There are a number of CRM software as well as many producers in practice. Awareness of the CRM practices was thus evaluated by providing a set of seven factual questions on CRM in practice. They were provided with a scale of four to tick the right answers, i.e., (software, CRM concept, software producing company, don't know). The right answers were evaluated versus the wrong ones and the data revealed that most scored well (60-70%) on four of the practices, 40% on one practice and very low (27% and 13%) on two practices. The overall summary of the practices showed that percentage of right versus wrong answers was 46:54. Among the colleges four scored above 50% and the deemed university was not one among them. The Computer science, Information Technology, Bio-technology and Chemical engineering departments scored the highest (57%).
The data was further subjected Kruskal Wallis H Test to evaluate whether the colleges and departments concurred in their opinions on the awareness of the strategies, concepts and practices. Table 1 presents the results of the test.
Since Table 1 shows that the p value is small in case of strategies, the level of knowledge on strategies does differ according to colleges. However, the p value is large on concepts and practices. The results can be stated as: There is significant difference in the awareness of educators on CRM strategies and no significant difference in their awareness of CRM concepts and practices. A similar test showed the results presented in Table 2.
Since Table 2 shows that the p value is large on all the three, i.e., strategies, concepts and practices. The result of finding is: There is no significant difference in the awareness of the educators regarding CRM strategies, concepts and practices.
Having evaluated the awareness of the educators on CRM strategies, concepts and practices, their opinion was also sought on its relevance to higher educational Institutions. The result showed that on an average 81% of the educators were in favour of CRM implementation in higher educational institutions. The responses are presented in Table 3.
The data was further subjected to Pearson's Chi-square test to know whether they concurred in their opinion on the relevance of CRM to higher education both colleges as well as department-wise. The results are presented in Table 4.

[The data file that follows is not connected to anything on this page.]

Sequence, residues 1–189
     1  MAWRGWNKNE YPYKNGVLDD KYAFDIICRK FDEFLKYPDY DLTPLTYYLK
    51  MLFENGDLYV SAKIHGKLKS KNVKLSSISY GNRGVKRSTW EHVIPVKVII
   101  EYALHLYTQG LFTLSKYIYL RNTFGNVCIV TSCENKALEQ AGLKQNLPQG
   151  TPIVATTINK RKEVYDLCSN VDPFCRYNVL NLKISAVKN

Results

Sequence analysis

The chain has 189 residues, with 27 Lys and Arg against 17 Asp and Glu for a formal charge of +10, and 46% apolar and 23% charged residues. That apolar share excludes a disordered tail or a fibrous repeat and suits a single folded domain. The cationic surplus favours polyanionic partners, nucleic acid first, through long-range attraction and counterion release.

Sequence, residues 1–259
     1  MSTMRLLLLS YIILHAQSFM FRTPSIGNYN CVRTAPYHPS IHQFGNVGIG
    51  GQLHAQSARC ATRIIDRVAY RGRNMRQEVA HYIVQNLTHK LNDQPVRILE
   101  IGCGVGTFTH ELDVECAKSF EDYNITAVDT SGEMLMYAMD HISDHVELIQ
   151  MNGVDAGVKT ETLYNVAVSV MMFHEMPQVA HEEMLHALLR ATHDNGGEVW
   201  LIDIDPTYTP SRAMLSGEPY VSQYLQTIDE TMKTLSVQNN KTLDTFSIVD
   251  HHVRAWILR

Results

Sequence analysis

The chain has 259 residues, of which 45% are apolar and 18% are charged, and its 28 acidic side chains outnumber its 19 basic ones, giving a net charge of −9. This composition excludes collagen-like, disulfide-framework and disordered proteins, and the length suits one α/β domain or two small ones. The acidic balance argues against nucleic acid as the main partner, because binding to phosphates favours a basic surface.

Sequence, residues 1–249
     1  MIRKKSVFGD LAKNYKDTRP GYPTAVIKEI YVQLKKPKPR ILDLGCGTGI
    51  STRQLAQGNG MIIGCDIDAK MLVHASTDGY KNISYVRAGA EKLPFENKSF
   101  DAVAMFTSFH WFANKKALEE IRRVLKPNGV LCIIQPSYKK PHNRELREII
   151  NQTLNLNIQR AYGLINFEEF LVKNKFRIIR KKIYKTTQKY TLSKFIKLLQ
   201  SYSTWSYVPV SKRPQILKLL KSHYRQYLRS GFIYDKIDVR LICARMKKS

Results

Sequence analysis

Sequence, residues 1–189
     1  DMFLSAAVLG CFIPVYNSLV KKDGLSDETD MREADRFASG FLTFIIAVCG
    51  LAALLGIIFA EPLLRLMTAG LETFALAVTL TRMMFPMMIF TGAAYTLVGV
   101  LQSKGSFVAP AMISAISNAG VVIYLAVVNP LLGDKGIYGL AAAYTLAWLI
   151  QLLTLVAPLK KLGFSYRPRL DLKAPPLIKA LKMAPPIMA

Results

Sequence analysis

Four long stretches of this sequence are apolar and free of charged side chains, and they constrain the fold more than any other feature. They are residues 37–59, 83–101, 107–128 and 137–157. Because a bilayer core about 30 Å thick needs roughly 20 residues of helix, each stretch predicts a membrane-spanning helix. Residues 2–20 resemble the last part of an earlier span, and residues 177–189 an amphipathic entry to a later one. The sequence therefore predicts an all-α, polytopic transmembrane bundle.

Table 3 shows that p value is large in both the cases. Thus the findings are that there is no significant difference in the opinions of the educators of engineering colleges of Dakshina Kannada regarding relevance of CRM to higher educa tion both faculty-wise and college-wise.
The data described above brings out the following findings: • The engineering college educators in Dakshina Kannada have fairly good knowledge on the strategies, poor knowledge on the sub-concepts and average knowledge on the practices of CRM. Among the departments, IT department has comparatively better knowledge of all the three. The computer science department has good knowledge of the strategies and practices. MBA department educators have good knowledge of the theory of CRM (strategies). • Further the data reveals that there is no significant difference in their knowledge of the concepts and practices but there is a significant difference in their knowledge of strategies across colleges. However, course-wise, their knowledge is not significantly differing. • A great majority of the educators are positive on the need for CRM implementation in higher educational institutions and they concur in their opinions college-wise as well as department-wise.
Studies outlined in the sections 6 and 2 show that there is a need for CRM in higher education and that there is a positive impact of carefully implemented CRM on higher educational institutions. One of the important factors for a successful CRM implementation is the knowledge of the stakeholders across the organisation. Engineering college curriculum in Karnataka has not given the required attention to CRM so far as its importance has not yet been realized. In spite of this due to their orientation to similar software, this study reveals that they have fairly good knowledge of the strategies and practices. In addition the study also reveals that a great majority of the educators are in favour of CRM implementation in higher education. This assumes importance because willingness of stakeholders is another important criterion for success in CRM implementation.
As discussed above, the engineering field is (with special reference to computer science related courses) responsible in providing the society with the necessary expertise in software manufacture. This being the case, if the educators are provided with opportunities to learn the whole concept and practice of CRM and apply it to their own institution by producing, or at least be involved with its maintenance once it is implemented, there is likely to be a positive impact on relationship management in their institutions. Presently Engineering colleges in India are facing a tough competition in filling up the seats in various courses of study. An educator-involved CRM implementation can be a key to solve this problem.
[Table 1] Concurrence on the awareness of CRM college-wise
[Table 2] Concurrence on the awareness of CRM dept.-wise
[Table 3] CRM practicability for higher education
[Table 4] Concurrence of staff regarding relevance of CRM